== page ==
Mental Health Care Gap
There are a few explanations as to why the concept of Mental Health Insurance is very non-compliant regardless of legislation and guidelines.
• Assessment of risk — the concept of mental health insurance is very nascent and so the insurers struggle with guaranteeing and actuarial problems. The confusion is here is a loop, insurers have no idea about the costs involved and unless they don’t start providing it and people avail the same, they would remain not knowing the price and the process. Even though they cannot deny coverage, due to the guidelines, they haven’t standardized such policies yet.
• No standalone plans — the other reason is that there are no specific plans for specific mental illnesses, only exceptions.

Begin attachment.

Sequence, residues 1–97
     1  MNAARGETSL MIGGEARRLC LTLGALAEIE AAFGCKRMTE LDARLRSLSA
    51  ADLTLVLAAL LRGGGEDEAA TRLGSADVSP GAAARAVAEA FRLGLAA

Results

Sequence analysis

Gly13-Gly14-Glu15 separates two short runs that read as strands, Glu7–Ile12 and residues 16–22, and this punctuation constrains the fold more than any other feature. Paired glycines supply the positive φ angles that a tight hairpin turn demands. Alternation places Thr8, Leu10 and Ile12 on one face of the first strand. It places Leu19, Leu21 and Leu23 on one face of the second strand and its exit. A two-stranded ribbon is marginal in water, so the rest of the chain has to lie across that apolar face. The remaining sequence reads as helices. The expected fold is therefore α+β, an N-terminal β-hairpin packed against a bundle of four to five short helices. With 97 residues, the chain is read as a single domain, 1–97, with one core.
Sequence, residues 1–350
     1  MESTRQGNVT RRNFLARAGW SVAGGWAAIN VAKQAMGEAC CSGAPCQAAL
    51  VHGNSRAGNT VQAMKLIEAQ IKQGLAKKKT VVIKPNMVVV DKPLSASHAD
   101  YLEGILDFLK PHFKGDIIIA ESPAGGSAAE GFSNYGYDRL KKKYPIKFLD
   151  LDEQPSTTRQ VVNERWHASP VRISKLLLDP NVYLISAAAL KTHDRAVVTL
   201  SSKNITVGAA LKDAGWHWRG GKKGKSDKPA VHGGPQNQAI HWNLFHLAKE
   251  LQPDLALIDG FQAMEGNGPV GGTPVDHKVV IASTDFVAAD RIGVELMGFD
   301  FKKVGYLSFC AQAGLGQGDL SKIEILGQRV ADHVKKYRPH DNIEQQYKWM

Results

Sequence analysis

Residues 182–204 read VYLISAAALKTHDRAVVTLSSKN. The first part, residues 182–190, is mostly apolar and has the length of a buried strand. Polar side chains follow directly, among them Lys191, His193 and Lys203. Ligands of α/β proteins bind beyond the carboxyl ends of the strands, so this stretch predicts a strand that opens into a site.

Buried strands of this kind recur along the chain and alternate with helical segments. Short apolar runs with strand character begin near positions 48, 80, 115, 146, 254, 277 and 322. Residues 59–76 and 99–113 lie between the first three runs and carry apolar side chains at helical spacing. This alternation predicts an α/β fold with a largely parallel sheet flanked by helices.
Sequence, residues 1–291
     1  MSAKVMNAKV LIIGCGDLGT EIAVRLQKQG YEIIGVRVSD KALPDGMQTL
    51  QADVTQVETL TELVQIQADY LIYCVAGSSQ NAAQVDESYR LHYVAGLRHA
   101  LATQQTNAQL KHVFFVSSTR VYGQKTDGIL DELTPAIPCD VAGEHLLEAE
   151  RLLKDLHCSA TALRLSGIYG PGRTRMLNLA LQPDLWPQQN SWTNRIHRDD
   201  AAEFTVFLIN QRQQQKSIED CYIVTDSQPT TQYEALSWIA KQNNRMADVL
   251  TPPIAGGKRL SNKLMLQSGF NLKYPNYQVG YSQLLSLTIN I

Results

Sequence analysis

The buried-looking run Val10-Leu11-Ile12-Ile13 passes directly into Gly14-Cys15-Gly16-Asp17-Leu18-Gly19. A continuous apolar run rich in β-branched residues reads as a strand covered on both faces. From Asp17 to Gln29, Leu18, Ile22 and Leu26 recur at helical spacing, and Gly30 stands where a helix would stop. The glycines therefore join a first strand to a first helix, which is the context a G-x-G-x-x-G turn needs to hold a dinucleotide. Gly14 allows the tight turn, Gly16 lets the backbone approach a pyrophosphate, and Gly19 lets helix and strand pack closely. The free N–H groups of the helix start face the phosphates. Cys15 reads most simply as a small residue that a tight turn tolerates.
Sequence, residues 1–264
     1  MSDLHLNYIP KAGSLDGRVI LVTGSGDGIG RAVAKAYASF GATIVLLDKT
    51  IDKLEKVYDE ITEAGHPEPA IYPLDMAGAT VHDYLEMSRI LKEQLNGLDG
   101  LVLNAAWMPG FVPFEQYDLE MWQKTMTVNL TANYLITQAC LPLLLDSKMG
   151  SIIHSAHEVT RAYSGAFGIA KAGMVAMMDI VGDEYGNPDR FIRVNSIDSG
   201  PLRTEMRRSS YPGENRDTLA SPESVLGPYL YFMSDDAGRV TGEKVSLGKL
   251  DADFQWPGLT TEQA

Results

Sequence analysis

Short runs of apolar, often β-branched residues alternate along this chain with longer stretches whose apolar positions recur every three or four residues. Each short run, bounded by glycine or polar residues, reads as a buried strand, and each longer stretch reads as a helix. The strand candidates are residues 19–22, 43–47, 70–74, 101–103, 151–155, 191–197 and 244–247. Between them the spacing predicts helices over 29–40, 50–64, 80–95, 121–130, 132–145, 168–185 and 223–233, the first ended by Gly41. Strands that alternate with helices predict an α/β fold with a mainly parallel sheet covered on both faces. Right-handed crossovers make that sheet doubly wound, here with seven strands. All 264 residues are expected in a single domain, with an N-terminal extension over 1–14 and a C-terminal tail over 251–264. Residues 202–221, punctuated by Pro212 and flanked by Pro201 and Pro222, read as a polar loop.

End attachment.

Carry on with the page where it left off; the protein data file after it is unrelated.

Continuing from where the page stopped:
Mental health issues, as said before, are really sensitive, and especially during unprecedented times like now, they cannot be side-lined. Living through a global pandemic can be very demanding. The coronavirus disease 2019 (COVID-19) epidemic may cause fear and anxiety due to the uncertainty about a novel disease. The thought about what can happen can be overwhelming for everyone. Public health measures, like social distancing, can make folks feel detached and lonely and can intensify stress. Ultimately these acts are obligatory to reduce the spread of COVID-19. But for one to reach out, they should be in a self-diagnosable situation where they realize they’re not alright. This is not the case with every mentally affected person, and the 2016 survey proves the same. India’s increasing mental health crisis can no longer be denied.